Chicago Police Superintendent Eddie Johnson lobbied for the law, and attended the bill signing.
"Today is the day we stand together and send a loud and clear messages that we will no longer tolerate at the hands of repeat gun offenders," said Johnson, who has worked to tamp down gun violence plaguing the city.
The bill signing was the only movement in Springfield on Wednesday, which is Day 3 of the special legislative session, and there were no signs that the budget crisis may be ending.
More than 100 other bills languishing on the governor's desk since January and none are more important for the state right now than a budget.
Comptroller Susanna Mendoza tried to give members of the House Democratic Caucus a sense of the state's critical financial crisis.
"If they're worried about taking tough votes they should be more worried about telling parents why their children aren't going to start school on time, why people are going to be dying in their districts and these are their real consequences of not coming up with a comprehensive budget plan," Mendoza said.
But a meeting that Senate President John Cullerton, D-Chicago, called of the top four legislative leaders to work on a compromise did not happen as scheduled Wednesday.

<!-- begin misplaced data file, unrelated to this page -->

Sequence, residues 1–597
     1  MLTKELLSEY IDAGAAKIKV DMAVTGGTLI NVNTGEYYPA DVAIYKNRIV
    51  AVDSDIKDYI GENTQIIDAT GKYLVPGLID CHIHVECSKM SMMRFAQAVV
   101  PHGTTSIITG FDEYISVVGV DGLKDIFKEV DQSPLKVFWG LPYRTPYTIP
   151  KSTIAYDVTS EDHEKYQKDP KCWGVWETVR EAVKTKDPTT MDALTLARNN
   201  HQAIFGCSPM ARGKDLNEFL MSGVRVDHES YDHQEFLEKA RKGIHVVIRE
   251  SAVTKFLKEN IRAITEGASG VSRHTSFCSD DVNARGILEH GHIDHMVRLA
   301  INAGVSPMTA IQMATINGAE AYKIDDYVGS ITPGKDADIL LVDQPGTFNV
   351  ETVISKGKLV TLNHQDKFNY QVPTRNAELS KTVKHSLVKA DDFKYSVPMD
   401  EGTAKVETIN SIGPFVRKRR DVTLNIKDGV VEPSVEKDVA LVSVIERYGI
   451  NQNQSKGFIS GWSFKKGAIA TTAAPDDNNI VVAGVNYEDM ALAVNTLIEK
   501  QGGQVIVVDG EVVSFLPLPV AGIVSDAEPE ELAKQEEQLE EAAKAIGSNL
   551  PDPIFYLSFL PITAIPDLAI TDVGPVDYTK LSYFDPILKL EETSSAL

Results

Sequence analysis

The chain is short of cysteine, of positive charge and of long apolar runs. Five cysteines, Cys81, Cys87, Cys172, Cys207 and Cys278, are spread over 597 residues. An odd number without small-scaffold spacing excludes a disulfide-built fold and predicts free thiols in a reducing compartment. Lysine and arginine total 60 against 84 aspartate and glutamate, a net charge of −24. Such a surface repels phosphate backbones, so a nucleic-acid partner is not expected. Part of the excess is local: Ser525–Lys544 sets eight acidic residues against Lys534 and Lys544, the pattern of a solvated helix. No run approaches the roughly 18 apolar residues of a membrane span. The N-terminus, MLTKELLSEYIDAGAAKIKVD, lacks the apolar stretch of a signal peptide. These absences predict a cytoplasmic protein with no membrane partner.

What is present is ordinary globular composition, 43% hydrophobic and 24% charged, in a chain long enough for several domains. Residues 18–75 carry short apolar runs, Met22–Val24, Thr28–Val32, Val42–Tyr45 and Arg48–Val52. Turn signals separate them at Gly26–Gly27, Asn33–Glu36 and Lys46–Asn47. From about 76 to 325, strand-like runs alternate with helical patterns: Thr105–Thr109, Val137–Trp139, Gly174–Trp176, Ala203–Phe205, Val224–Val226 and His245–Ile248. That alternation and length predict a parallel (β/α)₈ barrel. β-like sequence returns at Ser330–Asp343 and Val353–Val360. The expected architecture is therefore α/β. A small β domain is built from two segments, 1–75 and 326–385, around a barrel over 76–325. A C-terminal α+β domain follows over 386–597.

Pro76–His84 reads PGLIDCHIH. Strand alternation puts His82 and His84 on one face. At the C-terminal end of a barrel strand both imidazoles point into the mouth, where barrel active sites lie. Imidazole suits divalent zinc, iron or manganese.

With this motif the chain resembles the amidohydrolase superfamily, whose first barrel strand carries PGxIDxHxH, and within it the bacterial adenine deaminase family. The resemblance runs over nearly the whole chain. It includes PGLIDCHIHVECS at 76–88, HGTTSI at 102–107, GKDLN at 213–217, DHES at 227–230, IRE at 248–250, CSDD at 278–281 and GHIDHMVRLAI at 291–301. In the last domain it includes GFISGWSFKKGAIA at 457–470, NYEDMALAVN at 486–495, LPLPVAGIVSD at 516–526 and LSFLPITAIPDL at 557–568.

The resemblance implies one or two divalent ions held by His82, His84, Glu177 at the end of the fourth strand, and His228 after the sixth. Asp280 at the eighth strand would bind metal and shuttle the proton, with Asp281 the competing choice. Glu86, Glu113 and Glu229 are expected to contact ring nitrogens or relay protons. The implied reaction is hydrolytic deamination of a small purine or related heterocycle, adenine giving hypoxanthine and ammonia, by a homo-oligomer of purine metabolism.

"The governor pulled the plug on that, told Republicans not to go, I don't think he's very serious," Cullerton said.
"I'm the one who pulled out of the meeting. We had talked about it and I thought that it was a good idea earlier in the week but the fact is when I saw that after the meeting I had with the Speaker (Madigan) the other day, that we made progress, that he and I need to focus within the House of Representatives and stay on track," said Jim Durkin, a House Republican leader.
The governor cut short questions on the lack of any progress on the budget, only addressing the need for compromise when talking about the gun bill
"It shows what we can do, when we put our minds together we can get things done," Rauner said.
One more week is left in the special session.